One of Nielsen’s Usability Heuristics, or general principles of interaction design, is: “Maintain consistency and adhere to standards.” Whether you’re designing a digital or a physical product, it’s important to design consistent patterns for text, workflows, visual-design elements, and interactions. Maintaining consistency is key both internally, for patterns within your product, and externally, following established conventions for an industry, a platform, or the Web, and integrating them into your product.
When UX design is a foundational aspect of your product and brand, a consistent look, feel, and interaction patterns arise, enabling the system to consistently look and function as users expect. Also, consistency makes it easier for customers to learn how to use new features, which increases product-adoption rates. Designing for consistency helps ensure that a design meets users’ expectations and reduces their learning curves, all while building customer trust and developing a reliable brand image.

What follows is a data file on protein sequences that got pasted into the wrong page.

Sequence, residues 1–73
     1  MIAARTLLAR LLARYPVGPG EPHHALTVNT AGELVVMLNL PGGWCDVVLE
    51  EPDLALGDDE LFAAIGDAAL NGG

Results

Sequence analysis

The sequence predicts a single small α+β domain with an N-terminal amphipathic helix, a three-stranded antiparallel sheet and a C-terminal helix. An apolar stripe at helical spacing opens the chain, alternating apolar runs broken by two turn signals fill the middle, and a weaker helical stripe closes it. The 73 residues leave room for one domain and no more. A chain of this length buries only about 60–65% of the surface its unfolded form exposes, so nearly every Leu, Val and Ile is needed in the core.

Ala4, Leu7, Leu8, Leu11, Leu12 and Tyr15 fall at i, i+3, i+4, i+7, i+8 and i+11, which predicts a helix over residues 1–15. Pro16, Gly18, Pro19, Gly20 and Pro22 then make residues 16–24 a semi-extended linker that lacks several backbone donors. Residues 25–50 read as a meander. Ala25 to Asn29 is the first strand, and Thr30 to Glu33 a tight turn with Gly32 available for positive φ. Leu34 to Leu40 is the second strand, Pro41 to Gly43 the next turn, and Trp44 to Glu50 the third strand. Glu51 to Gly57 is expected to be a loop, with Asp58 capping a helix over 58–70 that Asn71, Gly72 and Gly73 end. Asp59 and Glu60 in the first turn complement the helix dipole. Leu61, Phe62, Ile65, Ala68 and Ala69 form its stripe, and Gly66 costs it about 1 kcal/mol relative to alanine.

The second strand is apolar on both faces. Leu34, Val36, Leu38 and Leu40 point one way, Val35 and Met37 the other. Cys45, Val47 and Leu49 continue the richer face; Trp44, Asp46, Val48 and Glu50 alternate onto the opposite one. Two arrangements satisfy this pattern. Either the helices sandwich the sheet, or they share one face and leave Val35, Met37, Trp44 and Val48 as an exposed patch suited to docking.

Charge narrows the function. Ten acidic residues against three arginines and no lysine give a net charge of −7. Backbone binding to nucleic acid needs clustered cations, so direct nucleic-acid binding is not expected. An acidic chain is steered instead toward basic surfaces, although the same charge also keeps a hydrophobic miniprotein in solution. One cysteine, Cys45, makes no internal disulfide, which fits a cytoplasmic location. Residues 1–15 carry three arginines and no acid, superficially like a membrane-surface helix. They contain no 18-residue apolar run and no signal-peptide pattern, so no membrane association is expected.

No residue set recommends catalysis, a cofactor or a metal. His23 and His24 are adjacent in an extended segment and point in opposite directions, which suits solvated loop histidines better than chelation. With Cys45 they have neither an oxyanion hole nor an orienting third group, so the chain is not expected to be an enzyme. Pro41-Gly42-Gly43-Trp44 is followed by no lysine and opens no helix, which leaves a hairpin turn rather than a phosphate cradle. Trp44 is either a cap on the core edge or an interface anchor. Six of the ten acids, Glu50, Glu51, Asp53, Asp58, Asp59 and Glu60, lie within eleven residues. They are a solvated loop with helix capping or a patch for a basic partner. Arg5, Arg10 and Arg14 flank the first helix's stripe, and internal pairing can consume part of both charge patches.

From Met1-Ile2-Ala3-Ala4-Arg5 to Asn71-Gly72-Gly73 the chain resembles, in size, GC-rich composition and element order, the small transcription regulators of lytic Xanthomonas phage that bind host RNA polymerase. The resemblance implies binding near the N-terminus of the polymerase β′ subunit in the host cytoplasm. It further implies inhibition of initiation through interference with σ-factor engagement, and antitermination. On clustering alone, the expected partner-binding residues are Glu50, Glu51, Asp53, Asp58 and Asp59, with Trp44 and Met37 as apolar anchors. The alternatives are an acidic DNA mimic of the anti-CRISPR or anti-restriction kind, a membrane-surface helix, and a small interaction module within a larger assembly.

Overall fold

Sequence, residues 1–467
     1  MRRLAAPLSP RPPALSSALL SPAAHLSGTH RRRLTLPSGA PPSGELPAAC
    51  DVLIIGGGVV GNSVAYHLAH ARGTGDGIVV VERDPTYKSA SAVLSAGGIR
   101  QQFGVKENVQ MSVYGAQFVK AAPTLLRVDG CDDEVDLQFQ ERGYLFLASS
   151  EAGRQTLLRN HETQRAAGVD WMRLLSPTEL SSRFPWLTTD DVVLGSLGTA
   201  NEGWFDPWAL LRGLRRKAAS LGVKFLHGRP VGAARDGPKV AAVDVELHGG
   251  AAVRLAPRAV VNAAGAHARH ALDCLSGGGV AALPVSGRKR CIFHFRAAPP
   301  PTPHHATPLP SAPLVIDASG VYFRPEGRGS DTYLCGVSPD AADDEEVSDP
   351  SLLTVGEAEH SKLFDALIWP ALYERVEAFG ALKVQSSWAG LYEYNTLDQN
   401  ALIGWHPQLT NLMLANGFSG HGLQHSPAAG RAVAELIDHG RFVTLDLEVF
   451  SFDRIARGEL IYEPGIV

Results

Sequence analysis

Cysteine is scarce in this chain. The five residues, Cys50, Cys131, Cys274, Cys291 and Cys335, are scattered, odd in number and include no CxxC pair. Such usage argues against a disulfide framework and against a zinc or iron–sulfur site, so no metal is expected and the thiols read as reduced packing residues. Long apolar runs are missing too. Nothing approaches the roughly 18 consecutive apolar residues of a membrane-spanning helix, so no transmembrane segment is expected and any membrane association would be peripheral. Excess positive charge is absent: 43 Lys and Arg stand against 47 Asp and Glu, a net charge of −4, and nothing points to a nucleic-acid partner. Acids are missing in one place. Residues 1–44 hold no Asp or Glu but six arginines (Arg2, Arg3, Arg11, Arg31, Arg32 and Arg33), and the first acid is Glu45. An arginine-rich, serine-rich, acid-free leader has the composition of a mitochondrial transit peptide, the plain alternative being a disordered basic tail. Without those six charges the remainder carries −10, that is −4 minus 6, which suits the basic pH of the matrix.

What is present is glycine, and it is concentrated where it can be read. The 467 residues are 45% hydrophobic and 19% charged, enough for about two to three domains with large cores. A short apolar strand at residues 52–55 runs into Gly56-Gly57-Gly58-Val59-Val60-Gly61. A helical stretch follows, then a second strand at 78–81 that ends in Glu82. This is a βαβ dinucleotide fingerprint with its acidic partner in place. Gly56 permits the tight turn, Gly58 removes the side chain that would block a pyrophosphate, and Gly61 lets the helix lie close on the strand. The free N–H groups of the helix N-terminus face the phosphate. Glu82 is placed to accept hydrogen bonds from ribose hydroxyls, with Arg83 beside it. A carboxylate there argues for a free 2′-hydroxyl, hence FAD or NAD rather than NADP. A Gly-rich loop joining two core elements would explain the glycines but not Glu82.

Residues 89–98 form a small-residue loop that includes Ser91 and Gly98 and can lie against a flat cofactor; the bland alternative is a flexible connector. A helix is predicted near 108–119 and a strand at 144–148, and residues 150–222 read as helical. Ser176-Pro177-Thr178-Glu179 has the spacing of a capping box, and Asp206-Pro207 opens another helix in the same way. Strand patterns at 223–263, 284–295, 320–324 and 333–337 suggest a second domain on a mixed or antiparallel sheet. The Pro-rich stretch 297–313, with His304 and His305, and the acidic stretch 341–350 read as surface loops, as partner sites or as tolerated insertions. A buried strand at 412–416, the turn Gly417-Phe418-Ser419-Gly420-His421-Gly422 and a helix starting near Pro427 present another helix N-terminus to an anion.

Infusing User Delight
When discussing UX design, we often talk about removing friction and making products and experiences functional and usable, but what about making them delightful?
Nielsen Norman Group describes user delight as, “Any positive emotional affect that a user may have when interacting with a device or interface.” Delight can fall into two categories: surface delight such as interesting animations, fun microcopy, or beautiful imagery, and deep delight, which arises from taking a more holistic approach to design and can be achieved only once all user needs are met, including the system’s being functional, reliable, usable, and pleasurable.